- Sweeten yogurt and chop berries for Balsamic Berries with Honey Yogurt. Tossing the berries with the sugar and vinegar draws out their juices, making them more of a topping for yogurt (and less like cut fruit gone soggy).
- Cook quinoa for Summer Vegetable Grain Salad and salmon salad. Thanks to advice from a coworker, I recently started cooking quinoa more like pasta and the results are delicious.
- Chop vegetables for Summer Vegetable Grain Salad. While the quinoa is cooking, chop the veggies and have the pesto ready for finishing up the grain salad.
- Cook farro for the Shrimp Farrotto. We’re not cooking this whole dish now, but pre-cooking the farro will help this dinner come together in just 15 minutes on Tuesday night.
- Chop kale for Monday’s Kale Sauté. Just getting us one step ahead for Monday.
- Cook beef for Taco Hummus Bowls. At this point the oven is off, and we can focus on finishing up the farro and browning beef for the hummus bowl.
- Make dressings for Summer Vegetable Grain Salad and Greek Salmon Salad. Honestly, you could make one dressing for both of these, but I made both and used the dressing in the Greek salad to marinate the salmon.
- Assemble the grain salad, and store prep. Finish up the grain salad by tasting and seasoning and store all your prepped food.
We both enjoyed this week of Mediterranean diet meals and, unexpectedly, our kids dug into the breakfast and lunch prep too — so I’d plan on doubling the yogurt and berries in the future to really feed the four of us for breakfast. Here’s what our week of meals looked like.
- Balsamic Berries with Honey Yogurt: In hindsight, this breakfast would have been beautifully portioned into pint-sized jars for eating on the fly, but I was glad for the juicy maceration from the vinegar, which helped the fruit taste great late into the week.
- Muesli with whole milk and berries: This is a staple in our house that I make regularly. One batch is enough for breakfast (and snacks) for the four of us all week.
- Spinach and Artichoke Frittata: My husband ate most of this, wrapping slices in foil and eating them cool or room temperature on job sites this week. One day I grabbed this as a breakfast option when I was craving savory eats and it reheated well.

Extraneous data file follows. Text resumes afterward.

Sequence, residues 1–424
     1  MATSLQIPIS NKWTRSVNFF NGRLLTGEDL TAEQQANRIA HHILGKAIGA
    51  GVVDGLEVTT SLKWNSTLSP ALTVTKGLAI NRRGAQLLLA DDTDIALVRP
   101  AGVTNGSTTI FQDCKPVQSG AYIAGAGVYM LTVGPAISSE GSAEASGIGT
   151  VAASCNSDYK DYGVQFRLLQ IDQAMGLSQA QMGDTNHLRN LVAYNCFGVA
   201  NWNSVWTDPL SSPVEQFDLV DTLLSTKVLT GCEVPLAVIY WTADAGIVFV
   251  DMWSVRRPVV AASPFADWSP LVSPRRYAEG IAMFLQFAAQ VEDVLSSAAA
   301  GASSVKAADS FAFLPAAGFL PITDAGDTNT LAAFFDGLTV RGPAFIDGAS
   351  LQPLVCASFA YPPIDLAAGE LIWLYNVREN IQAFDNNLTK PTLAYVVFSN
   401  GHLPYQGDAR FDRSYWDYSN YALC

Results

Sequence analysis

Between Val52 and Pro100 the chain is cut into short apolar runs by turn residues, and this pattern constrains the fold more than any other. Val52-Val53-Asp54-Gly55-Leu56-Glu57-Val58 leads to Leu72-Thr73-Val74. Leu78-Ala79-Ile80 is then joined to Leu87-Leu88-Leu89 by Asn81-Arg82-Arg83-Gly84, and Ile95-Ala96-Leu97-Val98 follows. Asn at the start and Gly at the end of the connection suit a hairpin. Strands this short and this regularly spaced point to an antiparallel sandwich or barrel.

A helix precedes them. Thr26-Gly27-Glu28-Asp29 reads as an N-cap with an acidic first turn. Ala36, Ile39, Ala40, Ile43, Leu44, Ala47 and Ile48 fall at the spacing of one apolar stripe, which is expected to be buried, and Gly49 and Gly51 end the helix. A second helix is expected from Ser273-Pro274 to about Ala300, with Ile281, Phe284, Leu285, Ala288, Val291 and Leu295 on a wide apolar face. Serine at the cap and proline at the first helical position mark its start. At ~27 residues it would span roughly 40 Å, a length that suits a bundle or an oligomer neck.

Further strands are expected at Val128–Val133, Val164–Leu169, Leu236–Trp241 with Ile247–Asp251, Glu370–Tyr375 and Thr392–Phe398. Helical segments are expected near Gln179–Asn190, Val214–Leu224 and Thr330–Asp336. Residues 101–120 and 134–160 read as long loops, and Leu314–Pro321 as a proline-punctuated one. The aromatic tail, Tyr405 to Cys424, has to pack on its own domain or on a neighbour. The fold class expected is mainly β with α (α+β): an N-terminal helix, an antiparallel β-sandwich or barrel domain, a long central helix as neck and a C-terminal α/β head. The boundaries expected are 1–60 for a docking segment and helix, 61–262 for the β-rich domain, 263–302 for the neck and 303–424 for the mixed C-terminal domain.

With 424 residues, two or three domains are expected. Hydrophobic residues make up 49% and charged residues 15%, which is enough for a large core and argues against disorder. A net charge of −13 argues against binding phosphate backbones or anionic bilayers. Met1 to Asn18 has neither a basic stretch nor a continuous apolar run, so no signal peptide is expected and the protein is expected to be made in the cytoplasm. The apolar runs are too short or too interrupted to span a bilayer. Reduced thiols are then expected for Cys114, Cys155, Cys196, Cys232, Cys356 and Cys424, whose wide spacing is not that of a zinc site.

- Summer Vegetable Grain Salad: I could eat this salad every week, just switching out the pesto and veggies for new sauces and vegetables. The quinoa doesn’t get mushy and still had bite on Friday.
- Monday: Parmesan Chicken and Kale Sauté: We served this with garlic bread from the freezer for our kids. In the future, I’d slice the chicken during meal prep, too.
- Tuesday: Taco Hummus Bowls: This was a perfect no-cook dinner for a night when we had after-school activities. I love that even though it’s suitable for the Mediterranean diet, it felt more like our classic taco Tuesday.
- Wednesday: Easy, Healthy Greek Salmon Salad: The salmon was not a hit with my kids, but they happily ate the veggies and chickpeas portion of the salad with pita and leftover hummus from the night before.
- Thursday Garlic Basil Shrimp Farrotto: Farrotto is so luxurious for a weeknight and I keep wondering why I don’t make it more often. Because we precooked the farro this recipe needs less cooking time and less liquid.
- Friday: Socca Pizza with Ricotta & Spring Veggies: We made two socca on Friday night: one plain with za’tar for the kids and one with all the radishes and creamy cheese for us.
This Power Hour reminded me that getting out of our regular routine can be delicious and satisfying, and that a little meal prep helps us eat better at every meal. And if you loved this one, check out another Mediterranean Diet Power Hour.
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Power Hour Meal Prep is the series where we help you put it all together. We show you how to eat well during the week with an hour or two of Power Hour prep over the weekend. Every plan is different; mix and match to find your own personal sweet spot.